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Our only proper

where we had deemed ourselves strong. course is to leave the task on which we are presently en

gaged, and to employ our energies in repairing the breach Ewhich time has made in our knowledge, or which is to be

explained by want of care in our first construction of that particular portion of the fabric. Again and again does an earnest student sally back on this unpleasing enterprise ; again and again he returns to perfect his previous labour. To the wildly enthusiastic this is a sorry drudgery; but the man of sober and fixed purpose will waste no moments in repining over what is inevitable. If the reader is really in earnest, he will no sooner discover that he has forgotten somewhat of moment of what he once knew, than he will in all haste recur to it, until the rent be thoroughly repaired. As Milton has put it—"It is so supposed they must proceed by the steady pace of learning onward, as at convenient times for memory's sake to retire back into the middle-ward, and sometimes into the rear of what they have been taught, until they have confirmed and solidly united the whole body of their perfected knowledge, like the last embattling of a Roman legion.”

We may rest assured that no man of any note in the te world of letters or politics, has been able to attain his posi

tion without much sustained labour. In many cases this labour has been stupendous, and not even in those instances where success wonld appear to be principally owing to innate brilliance, has it been light or very intermittent. The same law holds good, in a slightly diminished degree, with those who do not propose fame as the goal of their labours, but only aim after a moderate measure of culture. Patience, soberness, and sedulous industry—these are the three essentials for all who aspire after a culture which, though it may lead to no brilliant external position, is in accordauce with the law of their nature.

III. All books should be read in a critical spirit. The author will be inore likely to write well and thoughtfully if he has this fact before his eyes; while, as I think, the reader will derive little benefit, and will read neither well nor thoughtfully, unless he obeys this rule. I am far from designing to encourage either a presumptuous or a cavilling frame of mind. Such would indeed be a strangely-mistaken purpose in connection with culture, whose end is to reveal to the mind the harmonies by which we are environed,


rather than fill it with discord, and that self-complacent acrimony which is more discordant than anything else besides. Baxter said of Sir Matthew Hale“ His very questions and objections did help me to more light than other men's solutions." The candid and fair-minded man who reads in what I have called a critical spirit, will find himself asking such questions and raising such objections as shall help him to at least as much light as the solutions of his author. Everybody who reads with his mind, in ever so small a degree, on the alert, and with ever so small a vivacity, must assimilate the thoughts of the writer with whom he is engaged to those which circumstances are sug gesting to him. If my reader has ever had occasion to write an essay, the composition of which has been spread over a considerable length of time, he will know what I mean by this, and will remember how everything that fell in his way during the intervals of such composition, seemed to have a bearing upon it. So in ordinary instances, a man will read with his eye unconsciously glancing at events in which he is interested, and between which and the volume before him he will not fail to detect some tolerably close relation. Such a relation may be fanciful, but it will import a reality and an interest into the matter which will enable him to put questions that may serve to illuminate what he is reading with a clear light, such as the author would have found it beyond his power to produce. As Barrow said, all reading ought to be of the nature of consultation ; and in consulting any authority, we put our own case more clearly than if we had kept it unsifted; while by raising such reasonable objections, and asking such pertinent questions as present themselves, we at once gain a more lucid apprehension of our own position, and a more decided recognition of the decision which has been given upon it. If reading be truly a consulting, it is obvious that we ought to criticise, unless the author chooses to be consulted on the terms of the Delphic oracle. Happily, Delphic oracles are not few in number, and can boast but few votaries. The intelligent man in search of an oracle is stayed by the oracular response, “Know thyself,” which makes a man in the main his own teacher and adviser. Nobodey but a fool supposes that he is the best or wisest person 'Living; and it may be said that in this case we ought alwa Nis to be on the look-out for some wiser or better than of Turselves,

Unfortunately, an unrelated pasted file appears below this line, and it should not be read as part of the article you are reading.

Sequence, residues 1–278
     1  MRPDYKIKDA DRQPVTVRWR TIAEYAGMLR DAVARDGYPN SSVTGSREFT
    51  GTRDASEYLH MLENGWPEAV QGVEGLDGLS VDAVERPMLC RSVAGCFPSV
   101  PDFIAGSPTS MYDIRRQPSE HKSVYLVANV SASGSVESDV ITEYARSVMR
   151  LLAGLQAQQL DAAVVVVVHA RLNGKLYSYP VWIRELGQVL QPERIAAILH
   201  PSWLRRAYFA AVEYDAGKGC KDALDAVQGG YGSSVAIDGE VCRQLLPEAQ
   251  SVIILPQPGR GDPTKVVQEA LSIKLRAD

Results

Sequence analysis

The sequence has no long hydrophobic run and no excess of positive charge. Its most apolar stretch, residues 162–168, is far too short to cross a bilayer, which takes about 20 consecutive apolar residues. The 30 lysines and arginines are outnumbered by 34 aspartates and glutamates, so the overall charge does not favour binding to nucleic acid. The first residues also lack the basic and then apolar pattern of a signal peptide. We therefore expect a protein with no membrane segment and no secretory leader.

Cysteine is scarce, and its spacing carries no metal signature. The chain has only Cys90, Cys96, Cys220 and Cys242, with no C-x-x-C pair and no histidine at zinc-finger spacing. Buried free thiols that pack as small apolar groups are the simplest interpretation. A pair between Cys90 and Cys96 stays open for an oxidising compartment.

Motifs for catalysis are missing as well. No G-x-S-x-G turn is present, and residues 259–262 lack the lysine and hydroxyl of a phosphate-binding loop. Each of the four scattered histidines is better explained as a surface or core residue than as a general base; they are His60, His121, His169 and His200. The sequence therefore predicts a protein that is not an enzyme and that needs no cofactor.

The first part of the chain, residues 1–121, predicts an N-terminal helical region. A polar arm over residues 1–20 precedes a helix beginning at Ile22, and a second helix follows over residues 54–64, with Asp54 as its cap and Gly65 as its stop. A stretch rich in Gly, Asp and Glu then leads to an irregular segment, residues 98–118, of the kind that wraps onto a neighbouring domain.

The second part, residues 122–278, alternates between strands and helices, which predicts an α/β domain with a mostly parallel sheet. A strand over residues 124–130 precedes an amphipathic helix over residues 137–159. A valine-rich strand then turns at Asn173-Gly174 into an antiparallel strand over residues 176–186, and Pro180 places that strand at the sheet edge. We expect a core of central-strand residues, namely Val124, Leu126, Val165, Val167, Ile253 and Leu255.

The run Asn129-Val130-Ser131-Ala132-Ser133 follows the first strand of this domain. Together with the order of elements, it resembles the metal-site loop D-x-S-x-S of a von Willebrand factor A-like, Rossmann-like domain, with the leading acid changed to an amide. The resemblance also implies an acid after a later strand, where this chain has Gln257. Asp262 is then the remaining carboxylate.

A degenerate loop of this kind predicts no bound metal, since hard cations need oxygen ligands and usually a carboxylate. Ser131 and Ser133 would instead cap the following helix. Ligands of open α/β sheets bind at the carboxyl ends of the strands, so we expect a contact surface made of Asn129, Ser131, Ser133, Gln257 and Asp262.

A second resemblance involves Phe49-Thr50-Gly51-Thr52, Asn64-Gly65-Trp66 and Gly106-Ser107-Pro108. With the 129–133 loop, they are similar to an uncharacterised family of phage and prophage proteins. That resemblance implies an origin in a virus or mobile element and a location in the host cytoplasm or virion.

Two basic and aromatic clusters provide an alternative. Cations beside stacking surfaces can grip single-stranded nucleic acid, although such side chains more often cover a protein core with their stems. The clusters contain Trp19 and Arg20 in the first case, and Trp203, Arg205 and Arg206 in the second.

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whether in the flesh or in the pages of books. To which I would reply, that as much harm comes from following good advice without having previously criticised it, as from acting on one's own folly. Mr. Carlyle, who has probably given in his books more good counsels than any living man, talks in his last work of perfect advice having become so plentiful in this our epoch, with little but pavement to a certain locality as the consequence."* The reason why good advice falls so powerless, and has its end in good reso lutions, is, that it is given and accepted on a wrong footing

on the theory, namely, that it is neither to be questioned nor criticised. Men are too apt to take their views as Tristram Shandy's father did : “He would pick up an opinion, sir, as a man in a state of nature picks up an apple; it becomes his own, and if he is a man of spirit, he would lose his life rather than give it up."